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Green energy and regenerative farming in sharp focus as ADM, Arla and PepsiCo ramp up sustainability

September 17, 2022
Food & Drink

As the energy crisis takes hold and the rapid onset of climate change shows no signs of abating, F&B giants are rallying on policies to restore the earth and reduce carbon emissions. Producing climate-friendly food is the future. Businesses realize that investing in regenerative farming practices will pay off now and in the years ahead as consumers demand even more from brands in terms of planet-friendly offerings.

A new wind farm deal in Denmark will mean Arla can reach 100% green electricity on farms and in production in Denmark by 2025, while ADM and PepsiCo join forces on carbon-friendly agricultural practices in a bid to reduce carbon intensity.

The 7.5-year collaboration concerns two million acres of US farmland and pledges that carbon cuts – estimated at 1.4 million metric tons of greenhouse gasses – will be seen from the farmgate to food and beverage products across ADM’s and PepsiCo’s portfolios.

Carbon-friendly farms for emissions goals
This partnership will focus on projects that will significantly expand regenerative agriculture across their shared North American supply chains while building farmers’ resilience to climate change.

Initially, corn, soy and wheat farmers across Kansas, Minnesota, Iowa, Illinois, Indiana and Nebraska will be involved in what the companies brand as “farmer-first” initiatives. These include regenerative agricultural practices like cover crops, reduced tillage, nutrient management, diverse rotations and responsible pesticide use.

Farmers will get technical and financial assistance and access to peer regenerative farming networks, and results will be tracked.

The project with ADM is by far PepsiCo’s most significant move in carbon cutting to date.

PepsiCo pegs the project as a “sea change” because it shows how, by partnering with the right companies, industry can move the needle on transforming food production systems and achieving ambitious carbon reduction goals.

Dairy production runs on wind, sun and biogas
Meanwhile, dairy giant Arla will tap electricity from an unsubsidized wind farm in Jammerbugt Municipality, Denmark, which will deliver 137 GW/h electricity, as part of its deal with Eurowind Energy.

This follows Arla recently saying it aims to use 100% green electricity on dairies and in production in Europe by the end of 2025.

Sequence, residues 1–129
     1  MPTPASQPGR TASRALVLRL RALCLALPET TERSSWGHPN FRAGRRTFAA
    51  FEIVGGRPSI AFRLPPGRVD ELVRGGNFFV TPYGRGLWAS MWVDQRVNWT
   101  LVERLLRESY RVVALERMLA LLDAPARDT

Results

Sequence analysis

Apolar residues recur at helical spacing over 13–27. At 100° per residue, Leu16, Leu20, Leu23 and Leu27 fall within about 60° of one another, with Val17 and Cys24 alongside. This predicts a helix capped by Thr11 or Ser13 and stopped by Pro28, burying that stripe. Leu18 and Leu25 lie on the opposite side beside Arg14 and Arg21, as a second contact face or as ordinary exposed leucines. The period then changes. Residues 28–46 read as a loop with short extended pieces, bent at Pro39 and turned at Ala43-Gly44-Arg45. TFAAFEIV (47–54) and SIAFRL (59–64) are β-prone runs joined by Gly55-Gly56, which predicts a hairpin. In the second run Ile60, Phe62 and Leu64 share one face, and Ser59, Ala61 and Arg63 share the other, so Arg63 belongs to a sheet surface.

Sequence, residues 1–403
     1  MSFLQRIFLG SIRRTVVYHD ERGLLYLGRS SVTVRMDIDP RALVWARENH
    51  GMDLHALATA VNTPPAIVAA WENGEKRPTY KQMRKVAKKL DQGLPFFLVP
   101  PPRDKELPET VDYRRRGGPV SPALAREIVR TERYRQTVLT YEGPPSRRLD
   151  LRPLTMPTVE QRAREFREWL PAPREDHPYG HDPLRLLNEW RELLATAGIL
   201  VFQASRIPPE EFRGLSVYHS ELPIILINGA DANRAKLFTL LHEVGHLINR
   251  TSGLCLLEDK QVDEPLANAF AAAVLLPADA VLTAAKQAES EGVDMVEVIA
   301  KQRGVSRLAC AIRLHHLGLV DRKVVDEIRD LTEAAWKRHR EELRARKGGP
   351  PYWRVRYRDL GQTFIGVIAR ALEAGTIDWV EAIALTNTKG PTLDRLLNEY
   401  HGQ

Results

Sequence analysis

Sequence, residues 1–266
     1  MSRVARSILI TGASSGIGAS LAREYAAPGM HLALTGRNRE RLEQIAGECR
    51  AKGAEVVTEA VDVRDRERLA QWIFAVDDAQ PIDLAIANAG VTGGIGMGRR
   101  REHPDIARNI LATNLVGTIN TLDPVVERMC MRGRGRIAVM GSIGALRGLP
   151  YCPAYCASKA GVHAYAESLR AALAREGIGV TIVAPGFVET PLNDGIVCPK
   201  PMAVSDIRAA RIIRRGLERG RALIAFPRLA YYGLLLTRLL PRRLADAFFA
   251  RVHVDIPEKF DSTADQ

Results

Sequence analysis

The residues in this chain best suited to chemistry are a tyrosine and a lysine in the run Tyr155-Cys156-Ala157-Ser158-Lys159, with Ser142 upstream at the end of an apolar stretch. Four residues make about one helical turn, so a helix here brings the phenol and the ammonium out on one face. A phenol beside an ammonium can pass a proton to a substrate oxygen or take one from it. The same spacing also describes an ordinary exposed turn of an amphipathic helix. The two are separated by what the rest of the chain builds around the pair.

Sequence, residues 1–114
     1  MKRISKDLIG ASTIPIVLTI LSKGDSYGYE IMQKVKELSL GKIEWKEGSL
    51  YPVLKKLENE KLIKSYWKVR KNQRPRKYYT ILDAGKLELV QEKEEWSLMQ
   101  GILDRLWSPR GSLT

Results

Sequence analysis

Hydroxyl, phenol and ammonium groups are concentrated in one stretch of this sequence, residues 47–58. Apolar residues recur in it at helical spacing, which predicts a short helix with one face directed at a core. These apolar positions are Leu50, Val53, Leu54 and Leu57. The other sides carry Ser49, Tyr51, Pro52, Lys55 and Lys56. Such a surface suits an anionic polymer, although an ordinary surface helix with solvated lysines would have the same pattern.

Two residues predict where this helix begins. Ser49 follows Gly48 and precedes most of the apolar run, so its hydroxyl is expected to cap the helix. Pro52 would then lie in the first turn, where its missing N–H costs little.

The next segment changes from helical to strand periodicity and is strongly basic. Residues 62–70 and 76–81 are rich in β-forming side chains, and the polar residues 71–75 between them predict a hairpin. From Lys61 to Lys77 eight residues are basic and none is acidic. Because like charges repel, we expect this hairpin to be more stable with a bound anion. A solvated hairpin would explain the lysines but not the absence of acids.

Company executives believe this decade-long wind farm collaboration will ensure it gets there in Denmark, at least.

”We are fully committed to reducing our climate footprint so that consumers can continue to enjoy our dairy products. We have therefore doubled our ambitions across our production and now have a target to reduce our CO2 emissions by 63% before 2030. Reaching our target of 100% green electricity in Denmark is a good step on the way,” says Hanne Søndergaard, sustainability director in Arla.

Throughout the 10-year agreement, the green energy from the turbines will save 58,000 tons of CO2 a year, corresponding to 8% of Arla’s total CO2 footprint for scope 1+2.

The reduction will build on Arla’s already reducing its CO2 emissions from production by 25% since 2015.

The new agreement regarding the wind farm Nørre Økse Sø is one of many initiatives which provide Arla’s dairy and production plants with green electricity. In addition to the 137 GW/h electricity, which the wind farm is expected to deliver, Arla also receives renewable energy from solar cells, biogas engines, and own units from several Arla farms throughout Denmark.

Electricity from renewable energy sources is part of Arla’s total climate target to reduce CO2 emissions from its production by 63% before 2030.

However, delivery of the new wind turbines is not expected until next year, and they will not become operational until 2024.

Will this be the largest vertical farm in the world?
Meanwhile, Plenty Unlimited has secured up to 120 acres of land in Virginia, US, to build the world’s largest, most advanced indoor vertical farm campus, designed to bring fresh produce to the East coast year-round.

Plenty plans to deploy several large-scale vertical farms on the campus in the coming years, with a potential annual production capacity exceeding 20 million pounds across multiple crops, including strawberries, leafy greens and tomatoes.

The massive indoor farming platform allows farmers to grow a wide variety of crops with a fraction of the land and up to 350x more yield per acre than conventional farms. The hub will use advanced technology and customized approaches to farming.

The farm will grow Driscoll’s strawberries as part of a unique project to vertically farm berries at scale. The first crops are expected to be available in winter 2023-2024 at retailers throughout the Northeast of the US.

The Plenty Richmond Farm Campus will then expand over time to include farms growing other produce, such as Plenty’s signature pesticide-free leafy greens, using Plenty’s patented platform.

Plenty’s controlled indoor growing environments optimize produce for flavor, texture and size by tailoring nutrients, water and light to the needs of each plant.

By Gaynor Selby


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